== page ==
The Dalai Lama acknowledges that change is slow, and is not easy. What are some steps that help? Here, we can look at practices from different faith traditions for some helpful guidance. For example, one of the five pillars of Islam is prayer, five times a day. Why not just morning and night, or maybe just once? Because it helps to be reminded, throughout the day, to stop and touch the sacred; to step back from all the busyness, and connect with Source in you and around you.
Other faith traditions do the same; many have mechanisms that permit us to stop during the day and simply be. Some involve prayer and others don’t – to quote Rumi, there are hundreds of ways to kneel and kiss the ground.
In his interviews with Bill Moyers, Joseph Campbell tells the story that someone once asked a Shinto priest to explain Shinto ideology and theology. After thinking for a little bit, he said “we don’t have any ideology or theology. We dance.”
So dance. The sacred is all around us, and there are so many ways to touch it.
These days it’s easier than ever – your phone will give you an app that reminds you throughout the day to stop, sit, breathe, and pray if you wish, in whatever form that takes for you.
The next step . . . ethical behavior.
The next step that comes, that moves us further into lives of joy, is what he calls ethical behavior. This involves getting off the couch, perhaps out the door, and putting principles into practice. This involves behaving with kindness toward others surely, but it also involves what he calls “wholesome” behaviors towards ourselves. Take those positive emotions, and that awareness, and focus it on yourself. Do we treat our bodies well, eating and drinking in moderation? Do we abuse substances, or smoke, or drink too much? Do we take time to rest, to exercise, to do those activities we love?
In other words, do we behave in ways towards ourselves that reflect love and compassion, or disregard and even dislike? Again, our choices have consequences.
I’ve found from personal experience that the changes we make in behavior towards ourselves don’t have to be huge to be meaningful. Sometimes we despair because we feel we can’t make big, significant changes. So don’t. Small steps, micro- choices, make a huge difference.
An image of transformation.
The brilliant polymath Buckminster Fuller has given us an image of transformation that I find incredibly helpful when I think about change. He came up with the image of a trim tab on a ship, a big ship. They have rudders, but just turning the rudder to move the ship creates too much pressure. So the rudder has a tiny, miniature rudder attached to the edge called a trim tab. If you move the trim tab just a little, it creates a pressure that pulls the big rudder around, and ultimately turns the ship. Tiny pressure, big change.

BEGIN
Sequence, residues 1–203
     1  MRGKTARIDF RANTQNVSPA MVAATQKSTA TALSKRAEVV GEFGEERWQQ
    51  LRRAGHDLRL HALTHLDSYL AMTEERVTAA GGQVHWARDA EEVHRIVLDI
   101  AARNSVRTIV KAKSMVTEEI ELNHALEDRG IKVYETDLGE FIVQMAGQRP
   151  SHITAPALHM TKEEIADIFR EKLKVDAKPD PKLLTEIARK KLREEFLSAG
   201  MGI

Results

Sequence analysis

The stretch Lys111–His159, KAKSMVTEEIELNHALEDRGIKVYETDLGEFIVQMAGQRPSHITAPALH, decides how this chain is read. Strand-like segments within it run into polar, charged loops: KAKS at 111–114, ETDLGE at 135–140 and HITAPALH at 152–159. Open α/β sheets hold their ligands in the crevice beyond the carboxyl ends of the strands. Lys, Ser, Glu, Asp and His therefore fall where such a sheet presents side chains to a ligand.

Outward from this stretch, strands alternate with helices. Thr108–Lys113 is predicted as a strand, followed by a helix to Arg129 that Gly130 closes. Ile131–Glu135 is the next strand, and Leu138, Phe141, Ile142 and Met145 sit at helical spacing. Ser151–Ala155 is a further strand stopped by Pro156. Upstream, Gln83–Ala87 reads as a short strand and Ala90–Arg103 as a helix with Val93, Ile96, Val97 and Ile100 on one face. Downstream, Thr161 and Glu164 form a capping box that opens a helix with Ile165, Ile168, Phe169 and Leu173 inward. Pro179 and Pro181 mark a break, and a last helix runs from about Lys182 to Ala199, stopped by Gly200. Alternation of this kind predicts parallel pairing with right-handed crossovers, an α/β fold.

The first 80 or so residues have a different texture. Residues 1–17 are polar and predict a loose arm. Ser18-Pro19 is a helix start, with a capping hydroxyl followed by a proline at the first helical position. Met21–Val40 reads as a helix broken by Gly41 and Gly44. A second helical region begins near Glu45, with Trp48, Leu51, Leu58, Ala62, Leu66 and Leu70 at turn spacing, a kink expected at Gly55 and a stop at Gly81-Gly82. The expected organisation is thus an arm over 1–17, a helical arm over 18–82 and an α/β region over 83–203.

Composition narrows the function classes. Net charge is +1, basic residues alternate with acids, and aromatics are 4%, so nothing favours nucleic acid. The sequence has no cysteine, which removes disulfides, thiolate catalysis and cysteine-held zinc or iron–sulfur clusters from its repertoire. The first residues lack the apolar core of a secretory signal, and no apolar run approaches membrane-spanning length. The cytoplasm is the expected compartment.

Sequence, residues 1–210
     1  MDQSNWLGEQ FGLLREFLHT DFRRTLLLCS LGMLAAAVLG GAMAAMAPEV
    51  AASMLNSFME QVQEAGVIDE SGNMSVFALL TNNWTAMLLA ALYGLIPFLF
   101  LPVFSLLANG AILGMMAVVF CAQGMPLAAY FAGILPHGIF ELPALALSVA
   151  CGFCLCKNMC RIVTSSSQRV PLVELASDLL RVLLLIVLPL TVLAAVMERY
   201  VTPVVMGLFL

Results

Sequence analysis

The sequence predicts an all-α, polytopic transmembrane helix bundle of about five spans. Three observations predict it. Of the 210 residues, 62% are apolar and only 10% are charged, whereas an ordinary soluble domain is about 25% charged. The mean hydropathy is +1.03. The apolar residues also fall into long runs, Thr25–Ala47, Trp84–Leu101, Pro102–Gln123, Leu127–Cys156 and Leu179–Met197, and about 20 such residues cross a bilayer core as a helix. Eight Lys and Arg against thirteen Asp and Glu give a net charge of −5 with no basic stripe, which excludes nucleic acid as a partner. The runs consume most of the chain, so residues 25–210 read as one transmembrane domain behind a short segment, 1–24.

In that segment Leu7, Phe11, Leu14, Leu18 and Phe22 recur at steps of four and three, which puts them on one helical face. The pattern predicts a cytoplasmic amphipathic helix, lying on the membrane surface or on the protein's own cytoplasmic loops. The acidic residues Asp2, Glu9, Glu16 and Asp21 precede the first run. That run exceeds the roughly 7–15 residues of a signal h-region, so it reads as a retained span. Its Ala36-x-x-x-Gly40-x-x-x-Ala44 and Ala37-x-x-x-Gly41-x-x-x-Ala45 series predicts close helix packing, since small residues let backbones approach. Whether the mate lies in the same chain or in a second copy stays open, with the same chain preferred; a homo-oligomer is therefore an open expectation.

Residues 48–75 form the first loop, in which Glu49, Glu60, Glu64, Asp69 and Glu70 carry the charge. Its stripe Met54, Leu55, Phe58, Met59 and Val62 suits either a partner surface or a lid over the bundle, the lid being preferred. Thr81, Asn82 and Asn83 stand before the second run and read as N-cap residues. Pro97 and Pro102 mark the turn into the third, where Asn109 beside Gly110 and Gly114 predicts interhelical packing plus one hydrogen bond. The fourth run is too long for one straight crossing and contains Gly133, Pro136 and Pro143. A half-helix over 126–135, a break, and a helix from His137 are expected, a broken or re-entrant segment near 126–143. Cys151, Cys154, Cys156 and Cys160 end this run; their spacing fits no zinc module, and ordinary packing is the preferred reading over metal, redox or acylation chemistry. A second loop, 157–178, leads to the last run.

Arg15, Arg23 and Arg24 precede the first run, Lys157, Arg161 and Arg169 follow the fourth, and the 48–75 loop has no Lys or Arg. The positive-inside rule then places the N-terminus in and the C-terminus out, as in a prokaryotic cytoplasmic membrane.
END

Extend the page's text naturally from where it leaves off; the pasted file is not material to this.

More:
Fuller said each of us can be a trim tab in our impact on the world – just a little pressure from one can make a huge difference. On his tombstone in Massachusetts is engraved “call me trim tab.”
In the same way, tiny changes in our own lives can yield significant transformation, over time. Don’t despair if the big changes aren’t coming. Trust the power of the trim tab, and keep making the small changes.
My sister gave me a little plaque for my office awhile back. It reads, “Happiness is something you decide ahead of time.” Sometimes deep wisdom does come on a plaque, because it’s entirely right. We can decide ahead of time, and we can make the changes that take us where we wish to be. Trust yourself – you know what emotions lead you into greater joy, and which diminish it. Be aware of your choice, and you can open that door to greater joy.
About Rev. Melanie
Rev. Melanie Eyre is an ordained Interspiritual Minister and long-time student of the world’s many diverse faith traditions. She has served as One World’s Spiritual Director since 2015 and is the founder of the North Fulton Interfaith Alliance here in Georgia. Outside of One World, Rev. Melanie has a beautiful family and enjoys officiating traditional and non-traditional rituals and other special ceremonies that mark important life transitions – weddings, baby blessings, and celebrations of life.
For more about Rev. Melanie and her practice, visit her website: Memorable Services with Heart.
This service aired on June 6, 2021